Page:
[…] Arthur was saying, “I’m afraid there’s no help for it: they must be finite in number.” “I should be sorry to have to believe it,” said Lady Muriel. “Yet, when one comes to think of it, there are no new melodies, now-a-days. What people talk of as “the last new song” always recalls to me some tune I’ve known as a child!” “The day must come—if the world lasts long enough –” said Arthur, “when every possible tune will have been composed and every possible pun perpetrated –” (Lady Muriel wrung her hands, like a tragedy-queen) “and worse than that, every possible book written! For the number of words is finite.” “It’ll make very little difference to the authors,” I suggested. “Instead of saying ’what book shall I write?’ an author will ask himself ’which book shall I write?’ A mere verbal distinction!” Lady Muriel gave me an approving smile. “But lunatics would always write new books, surely?” she went on. They couldn’t write the same books over again!” “True,” said Arthur. “But their books would come to an end, also. The number of lunatic books is as finite as the number of lunatics.”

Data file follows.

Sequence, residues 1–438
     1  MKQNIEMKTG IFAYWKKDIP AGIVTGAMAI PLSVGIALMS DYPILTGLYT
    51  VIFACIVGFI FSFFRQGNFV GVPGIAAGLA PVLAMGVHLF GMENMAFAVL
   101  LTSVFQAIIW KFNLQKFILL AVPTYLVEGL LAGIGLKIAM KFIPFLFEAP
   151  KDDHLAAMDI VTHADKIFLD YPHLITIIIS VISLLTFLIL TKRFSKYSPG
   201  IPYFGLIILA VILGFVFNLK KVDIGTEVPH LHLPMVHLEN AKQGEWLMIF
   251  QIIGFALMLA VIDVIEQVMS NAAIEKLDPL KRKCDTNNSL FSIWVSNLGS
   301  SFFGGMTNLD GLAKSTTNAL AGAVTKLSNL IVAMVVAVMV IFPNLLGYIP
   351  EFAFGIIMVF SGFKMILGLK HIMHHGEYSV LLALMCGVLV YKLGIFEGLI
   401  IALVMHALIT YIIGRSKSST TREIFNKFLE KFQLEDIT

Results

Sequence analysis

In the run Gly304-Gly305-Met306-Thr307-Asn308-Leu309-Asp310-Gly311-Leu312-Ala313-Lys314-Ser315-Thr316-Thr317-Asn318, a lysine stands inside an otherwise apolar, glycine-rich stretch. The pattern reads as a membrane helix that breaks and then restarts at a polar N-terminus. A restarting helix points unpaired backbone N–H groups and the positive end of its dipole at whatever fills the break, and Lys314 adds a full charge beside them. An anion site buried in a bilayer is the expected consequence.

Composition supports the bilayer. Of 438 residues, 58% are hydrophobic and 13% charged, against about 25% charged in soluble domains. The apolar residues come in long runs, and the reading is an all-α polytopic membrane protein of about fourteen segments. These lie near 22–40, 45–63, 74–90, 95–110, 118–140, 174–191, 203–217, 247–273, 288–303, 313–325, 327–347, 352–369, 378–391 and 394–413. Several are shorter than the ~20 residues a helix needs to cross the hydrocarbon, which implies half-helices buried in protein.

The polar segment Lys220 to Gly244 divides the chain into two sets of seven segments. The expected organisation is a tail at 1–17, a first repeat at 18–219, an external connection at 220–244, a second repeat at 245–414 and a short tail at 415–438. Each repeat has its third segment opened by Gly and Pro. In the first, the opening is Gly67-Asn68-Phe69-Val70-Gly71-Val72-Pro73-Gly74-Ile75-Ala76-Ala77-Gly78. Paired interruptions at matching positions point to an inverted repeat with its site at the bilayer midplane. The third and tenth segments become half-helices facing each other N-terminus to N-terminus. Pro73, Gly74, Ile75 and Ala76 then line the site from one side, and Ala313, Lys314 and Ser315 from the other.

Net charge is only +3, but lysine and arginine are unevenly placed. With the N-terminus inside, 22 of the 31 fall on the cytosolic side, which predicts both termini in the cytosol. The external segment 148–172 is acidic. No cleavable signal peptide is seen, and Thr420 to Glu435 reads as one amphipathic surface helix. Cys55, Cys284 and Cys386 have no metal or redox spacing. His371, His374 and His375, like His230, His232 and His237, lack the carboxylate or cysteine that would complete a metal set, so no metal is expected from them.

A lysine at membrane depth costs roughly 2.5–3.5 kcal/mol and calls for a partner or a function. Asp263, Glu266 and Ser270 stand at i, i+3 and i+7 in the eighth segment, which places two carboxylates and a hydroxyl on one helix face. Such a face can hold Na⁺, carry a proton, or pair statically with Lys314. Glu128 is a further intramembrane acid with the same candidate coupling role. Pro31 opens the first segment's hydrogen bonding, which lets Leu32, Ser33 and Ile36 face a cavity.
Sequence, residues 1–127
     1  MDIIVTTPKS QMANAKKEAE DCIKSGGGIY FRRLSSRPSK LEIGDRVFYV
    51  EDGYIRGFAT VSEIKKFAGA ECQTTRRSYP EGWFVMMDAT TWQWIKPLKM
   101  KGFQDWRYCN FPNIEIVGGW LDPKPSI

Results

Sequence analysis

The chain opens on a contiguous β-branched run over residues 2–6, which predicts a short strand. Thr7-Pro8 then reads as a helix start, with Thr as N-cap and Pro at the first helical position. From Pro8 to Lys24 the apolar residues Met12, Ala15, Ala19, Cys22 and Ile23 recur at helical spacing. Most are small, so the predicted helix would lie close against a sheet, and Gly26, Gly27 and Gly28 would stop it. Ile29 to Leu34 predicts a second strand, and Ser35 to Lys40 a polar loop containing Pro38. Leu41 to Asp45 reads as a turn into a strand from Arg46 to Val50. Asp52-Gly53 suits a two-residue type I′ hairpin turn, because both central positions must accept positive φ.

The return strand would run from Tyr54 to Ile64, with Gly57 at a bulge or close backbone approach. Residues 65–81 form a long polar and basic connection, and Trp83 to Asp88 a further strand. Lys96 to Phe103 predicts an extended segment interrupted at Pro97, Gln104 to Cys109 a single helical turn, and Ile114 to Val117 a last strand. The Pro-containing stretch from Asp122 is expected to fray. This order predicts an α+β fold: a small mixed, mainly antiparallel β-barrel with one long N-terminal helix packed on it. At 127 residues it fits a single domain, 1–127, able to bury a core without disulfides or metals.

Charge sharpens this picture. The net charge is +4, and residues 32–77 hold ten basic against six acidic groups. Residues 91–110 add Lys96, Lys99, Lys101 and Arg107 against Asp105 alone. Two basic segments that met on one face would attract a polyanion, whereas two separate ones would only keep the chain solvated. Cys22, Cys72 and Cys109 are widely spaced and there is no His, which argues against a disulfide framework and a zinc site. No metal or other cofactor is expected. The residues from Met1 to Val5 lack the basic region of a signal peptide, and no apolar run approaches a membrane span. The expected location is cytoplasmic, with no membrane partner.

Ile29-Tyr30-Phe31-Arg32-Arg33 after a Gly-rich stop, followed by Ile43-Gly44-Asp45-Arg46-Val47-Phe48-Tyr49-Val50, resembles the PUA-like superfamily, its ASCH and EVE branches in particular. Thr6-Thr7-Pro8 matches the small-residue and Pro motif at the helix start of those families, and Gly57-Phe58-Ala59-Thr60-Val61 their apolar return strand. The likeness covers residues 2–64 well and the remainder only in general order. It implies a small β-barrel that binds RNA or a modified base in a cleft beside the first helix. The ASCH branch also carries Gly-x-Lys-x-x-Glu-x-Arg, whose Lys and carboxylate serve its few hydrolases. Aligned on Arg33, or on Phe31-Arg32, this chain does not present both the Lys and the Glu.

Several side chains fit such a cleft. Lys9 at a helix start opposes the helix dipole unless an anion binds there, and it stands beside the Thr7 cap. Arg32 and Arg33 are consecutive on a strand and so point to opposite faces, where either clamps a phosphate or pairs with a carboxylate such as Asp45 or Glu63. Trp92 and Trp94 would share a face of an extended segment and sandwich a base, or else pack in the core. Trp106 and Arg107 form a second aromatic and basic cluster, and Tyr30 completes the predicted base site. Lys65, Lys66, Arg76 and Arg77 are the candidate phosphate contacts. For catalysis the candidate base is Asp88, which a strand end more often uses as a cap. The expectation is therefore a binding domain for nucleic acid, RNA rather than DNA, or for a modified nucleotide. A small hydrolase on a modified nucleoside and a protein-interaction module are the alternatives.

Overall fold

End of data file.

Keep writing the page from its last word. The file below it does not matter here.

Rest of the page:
“Sylvie and Bruno Concluded” in Carroll: Complete Illustrated Lewis Carroll , p. 536